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Re: Issa and the winter prayers

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  • caine2323
    Very interesting to look at these two together... the gap in the fence one, given the Amida/Pure Land connection, sounds like symbolically being let in to the
    Message 1 of 3 , Oct 1, 2009
      Very interesting to look at these two together... the gap in the fence one, given the Amida/Pure Land connection, sounds like symbolically being let in to the Joudo, by virtue of the Nembutsu....

      --- In translatinghaiku@yahoogroups.com, Greve Gabi <gokurakuatworldkigo@...> wrote:
      >
      > he lets me pass
      > through the gap in the fence...
      > night of winter prayers
      >
      > heiai o tooshite kureru juuya kana
      >
      > by Issa, 1819
      >
      > This haiku is similar to another one Issa wrote later that same month
      > (Eleventh Month, 1819):
      >
      > na-batake o toushite kureru juuya kana
      > he lets me cross his field... night of winter prayers
      >
      > "Winter prayers" refer to the Ten Nights Festival, a Tenth Month event
      > during which people gathered at Pure Land temples to recite the
      > nembutsu, a prayer of thanksgiving for, and praise of, Amida Buddha's
      > saving grace.
      > Eons ago, Amida promised that all who rely on his saving power will be
      > reborn in the Pure Land (the Western Paradise). A farmer, caught up in
      > the spirit of the season, allows someone (presumably, Issa) to take a
      > shortcut, through a gap in his fence.
      >
      > David Lanoue
      > http://cat.xula.edu/issa/
      >
      >
      > ...............................
      >
      > Here is a bit more about this prayer and the rice gruel eaten on this day!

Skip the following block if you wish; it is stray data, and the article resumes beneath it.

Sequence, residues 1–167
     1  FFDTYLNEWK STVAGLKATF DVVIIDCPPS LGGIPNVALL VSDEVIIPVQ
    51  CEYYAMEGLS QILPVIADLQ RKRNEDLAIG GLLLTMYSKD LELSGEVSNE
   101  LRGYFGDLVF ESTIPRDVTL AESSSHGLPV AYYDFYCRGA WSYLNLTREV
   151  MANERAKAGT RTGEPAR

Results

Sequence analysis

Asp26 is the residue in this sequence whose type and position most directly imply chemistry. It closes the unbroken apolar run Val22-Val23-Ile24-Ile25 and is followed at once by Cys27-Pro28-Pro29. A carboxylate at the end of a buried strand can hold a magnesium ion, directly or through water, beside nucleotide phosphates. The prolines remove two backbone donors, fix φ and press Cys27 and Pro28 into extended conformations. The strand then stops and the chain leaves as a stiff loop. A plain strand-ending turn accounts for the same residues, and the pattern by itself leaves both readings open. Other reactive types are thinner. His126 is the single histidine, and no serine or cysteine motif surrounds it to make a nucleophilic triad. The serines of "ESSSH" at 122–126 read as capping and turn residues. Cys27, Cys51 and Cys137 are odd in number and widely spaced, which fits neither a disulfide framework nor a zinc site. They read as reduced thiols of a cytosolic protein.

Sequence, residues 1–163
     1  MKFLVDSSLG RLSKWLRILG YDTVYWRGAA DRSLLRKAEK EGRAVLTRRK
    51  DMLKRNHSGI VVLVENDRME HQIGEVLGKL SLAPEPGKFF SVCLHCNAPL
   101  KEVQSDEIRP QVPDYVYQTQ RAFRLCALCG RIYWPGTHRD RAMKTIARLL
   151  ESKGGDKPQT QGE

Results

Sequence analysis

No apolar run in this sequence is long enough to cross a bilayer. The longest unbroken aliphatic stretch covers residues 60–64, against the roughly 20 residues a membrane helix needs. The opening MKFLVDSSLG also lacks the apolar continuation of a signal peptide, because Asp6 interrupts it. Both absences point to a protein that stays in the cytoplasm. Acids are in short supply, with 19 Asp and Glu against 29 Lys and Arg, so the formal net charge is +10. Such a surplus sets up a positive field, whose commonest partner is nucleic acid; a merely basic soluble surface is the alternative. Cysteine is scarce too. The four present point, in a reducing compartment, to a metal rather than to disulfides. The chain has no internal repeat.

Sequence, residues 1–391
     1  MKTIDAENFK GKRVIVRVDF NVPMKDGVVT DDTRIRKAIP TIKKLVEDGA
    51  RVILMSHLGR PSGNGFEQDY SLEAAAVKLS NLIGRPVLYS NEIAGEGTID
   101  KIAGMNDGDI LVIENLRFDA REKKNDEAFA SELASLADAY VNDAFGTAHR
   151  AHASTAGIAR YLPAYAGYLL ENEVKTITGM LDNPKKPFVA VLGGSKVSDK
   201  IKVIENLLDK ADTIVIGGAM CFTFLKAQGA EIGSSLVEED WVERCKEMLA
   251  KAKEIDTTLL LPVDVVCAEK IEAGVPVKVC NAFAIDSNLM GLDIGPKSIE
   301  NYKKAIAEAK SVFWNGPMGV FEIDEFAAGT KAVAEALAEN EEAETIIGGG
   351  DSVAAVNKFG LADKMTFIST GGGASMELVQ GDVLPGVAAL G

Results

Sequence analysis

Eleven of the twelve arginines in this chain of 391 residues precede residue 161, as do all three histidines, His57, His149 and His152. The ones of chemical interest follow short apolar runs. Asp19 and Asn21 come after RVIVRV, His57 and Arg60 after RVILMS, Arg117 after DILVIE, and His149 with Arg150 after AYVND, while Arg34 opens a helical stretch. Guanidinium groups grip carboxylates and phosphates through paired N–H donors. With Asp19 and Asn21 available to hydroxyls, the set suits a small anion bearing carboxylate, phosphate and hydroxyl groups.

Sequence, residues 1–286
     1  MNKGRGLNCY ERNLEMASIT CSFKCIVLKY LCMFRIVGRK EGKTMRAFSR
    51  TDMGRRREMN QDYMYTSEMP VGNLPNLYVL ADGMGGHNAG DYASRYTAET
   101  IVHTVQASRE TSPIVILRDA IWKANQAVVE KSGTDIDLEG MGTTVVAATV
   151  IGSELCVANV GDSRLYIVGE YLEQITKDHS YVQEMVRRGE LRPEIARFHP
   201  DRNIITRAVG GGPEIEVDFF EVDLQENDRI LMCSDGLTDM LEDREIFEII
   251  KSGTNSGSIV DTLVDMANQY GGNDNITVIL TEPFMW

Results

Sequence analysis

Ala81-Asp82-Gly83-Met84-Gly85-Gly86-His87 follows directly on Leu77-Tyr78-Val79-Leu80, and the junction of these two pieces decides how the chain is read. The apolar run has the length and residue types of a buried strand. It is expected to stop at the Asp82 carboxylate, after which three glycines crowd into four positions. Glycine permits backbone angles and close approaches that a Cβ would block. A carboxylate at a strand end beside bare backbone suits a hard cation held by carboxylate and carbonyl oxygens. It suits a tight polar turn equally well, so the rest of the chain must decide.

> http://worldkigo2005.blogspot.com/2005/07/rice-gruel-kayu.html
      >
      > Enjoy Japanese Culture via Food and Haiku !
      >
      > Gabi
      >
    • sakuo
      Caine san, I felt your comment deep. Your image is wonderful. sakuo. From: translatinghaiku@yahoogroups.com [mailto:translatinghaiku@yahoogroups. com] On
      Message 2 of 3 , Oct 1, 2009

        Caine san,

        I felt your comment deep.

        Your image is wonderful.

         

        sakuo.

         

        From: translatinghaiku@yahoogroups.com [mailto:translatinghaiku@yahoogroups.com] On Behalf Of caine2323
        Sent: Thursday, October 01, 2009 11:27 PM
        To: translatinghaiku@yahoogroups.com
        Subject: [Translating Haiku] Re: Issa and the winter prayers

         

         

        Very interesting to look at these two together... the gap in the fence one, given the Amida/Pure Land connection, sounds like symbolically being let in to the Joudo, by virtue of the Nembutsu....

        --- In translatinghaiku@yahoogroups.com, Greve Gabi <gokurakuatworldkigo@...> wrote:

        >
        > he lets me pass
        > through the gap in the fence...
        > night of winter prayers
        >
        > heiai o tooshite kureru juuya kana
        >
        > by Issa, 1819
        >
        > This haiku is similar to another one Issa wrote later that same month
        > (Eleventh Month, 1819):
        >
        > na-batake o toushite kureru juuya kana
        > he lets me cross his field... night of winter prayers
        >
        > "Winter prayers" refer to the Ten Nights Festival, a Tenth Month
        event
        > during which people gathered at Pure Land temples to recite the
        > nembutsu, a prayer of thanksgiving for, and praise of, Amida Buddha's
        > saving grace.
        > Eons ago, Amida promised that all who rely on his saving power will be
        > reborn in the Pure Land (the Western Paradise). A farmer, caught up in
        > the spirit of the season, allows someone (presumably, Issa) to take a
        > shortcut, through a gap in his fence.
        >
        > David Lanoue
        > http://cat.xula.edu/issa/
        >
        >
        > ...............................
        >
        > Here is a bit more about this prayer and the rice gruel eaten on this day!
        > http://worldkigo2005.blogspot.com/2005/07/rice-gruel-kayu.html
        >
        > Enjoy Japanese Culture via Food and Haiku !
        >
        > Gabi
        >

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